Debrisoquine hydroxylase (CYP2D6) and prostate cancer.
The p450 hepatic microsomal enzyme system metabolizes exogenous drugs and carcinogens. Debrisoquine hydroxylase (CYP2D6), one member of the p450 hemoproteins, has polymorphic expression leading to poor metabolism of debrisoquine and similar compounds in approximately 7% of Caucasians. The genetic locus for this enzyme has been characterized, and the mutations responsible for the slowed metabolism have been identified. Epidemiological studies of the CYP2D6 phenotype suggest an association between the normal or rapid metabolism phenotype and increased risk of lung and bladder cancer. Preliminary data have also suggested an association with prostate cancer (CaP). We used a PCR-based assay to investigate possible associations between the CYP2D6 B allele, the most common genetic mutation responsible for the poor metabolism phenotype, and CaP. Using genomic DNA isolated from peripheral blood, we genetically typed 571 men with CaP and 767 matched controls, all participants in the Physician's Health Study. Relative to men homozygous for the wild-type allele, heterozygotes for the B allele have an odds ratio of 1.19 (95% confidence interval, 0.94-1.51) for CaP, and men homozygous for the B allele have an odds ratio of 1.37 (95% confidence interval, 0.86-2.20). When analyzed as a trend over zero, one, or two copies of the B allele, there emerges a possible association between the B allele and an increased risk of CaP of borderline statistical significance (P = 0.07).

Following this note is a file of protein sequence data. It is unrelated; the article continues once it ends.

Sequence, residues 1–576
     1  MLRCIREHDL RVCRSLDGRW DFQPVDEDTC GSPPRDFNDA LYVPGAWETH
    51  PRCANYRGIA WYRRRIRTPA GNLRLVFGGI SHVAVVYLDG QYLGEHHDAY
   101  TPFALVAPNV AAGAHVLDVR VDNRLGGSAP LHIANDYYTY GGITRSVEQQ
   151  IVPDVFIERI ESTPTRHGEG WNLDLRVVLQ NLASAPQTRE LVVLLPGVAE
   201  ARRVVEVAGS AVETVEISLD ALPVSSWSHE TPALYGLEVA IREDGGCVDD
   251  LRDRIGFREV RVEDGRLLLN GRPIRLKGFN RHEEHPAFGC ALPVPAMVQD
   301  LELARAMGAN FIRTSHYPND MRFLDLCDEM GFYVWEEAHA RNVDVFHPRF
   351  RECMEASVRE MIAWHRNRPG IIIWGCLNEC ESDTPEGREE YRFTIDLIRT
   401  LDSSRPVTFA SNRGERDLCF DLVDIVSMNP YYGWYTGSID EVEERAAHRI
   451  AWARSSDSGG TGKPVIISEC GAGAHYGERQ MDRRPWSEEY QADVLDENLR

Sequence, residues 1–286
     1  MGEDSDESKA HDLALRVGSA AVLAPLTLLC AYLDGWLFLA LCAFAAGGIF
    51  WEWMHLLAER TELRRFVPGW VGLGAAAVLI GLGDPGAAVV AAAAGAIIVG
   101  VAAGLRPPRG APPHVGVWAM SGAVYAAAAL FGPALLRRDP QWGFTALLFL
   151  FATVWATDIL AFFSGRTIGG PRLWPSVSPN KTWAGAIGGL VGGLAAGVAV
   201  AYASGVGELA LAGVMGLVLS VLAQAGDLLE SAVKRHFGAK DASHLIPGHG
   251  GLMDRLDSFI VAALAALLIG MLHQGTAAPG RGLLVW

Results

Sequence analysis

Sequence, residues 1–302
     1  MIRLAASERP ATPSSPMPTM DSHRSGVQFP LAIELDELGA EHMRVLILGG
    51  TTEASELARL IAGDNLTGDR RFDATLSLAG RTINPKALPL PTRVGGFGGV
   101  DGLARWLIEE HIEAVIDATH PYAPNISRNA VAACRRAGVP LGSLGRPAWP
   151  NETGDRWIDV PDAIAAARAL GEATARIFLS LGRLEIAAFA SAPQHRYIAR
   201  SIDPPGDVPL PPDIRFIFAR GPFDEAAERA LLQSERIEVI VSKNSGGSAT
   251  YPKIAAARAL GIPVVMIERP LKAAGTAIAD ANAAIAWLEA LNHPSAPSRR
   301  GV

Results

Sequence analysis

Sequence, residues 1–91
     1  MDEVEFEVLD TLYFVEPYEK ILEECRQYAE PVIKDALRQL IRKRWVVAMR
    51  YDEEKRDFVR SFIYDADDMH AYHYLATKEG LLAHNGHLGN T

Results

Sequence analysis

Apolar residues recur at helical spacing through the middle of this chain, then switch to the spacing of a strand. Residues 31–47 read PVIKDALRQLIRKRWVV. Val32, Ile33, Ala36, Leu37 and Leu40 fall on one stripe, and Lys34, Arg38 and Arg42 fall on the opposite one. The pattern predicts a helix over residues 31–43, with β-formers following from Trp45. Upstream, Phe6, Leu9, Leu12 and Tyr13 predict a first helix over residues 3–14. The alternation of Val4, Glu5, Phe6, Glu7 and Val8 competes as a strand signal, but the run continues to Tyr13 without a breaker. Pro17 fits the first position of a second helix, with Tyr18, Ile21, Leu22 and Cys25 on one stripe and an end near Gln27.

Febbo, PG; Kantoff, PW; Giovannucci, E; Brown, M; Chang, G; Hennekens, CH; Stampfer, M
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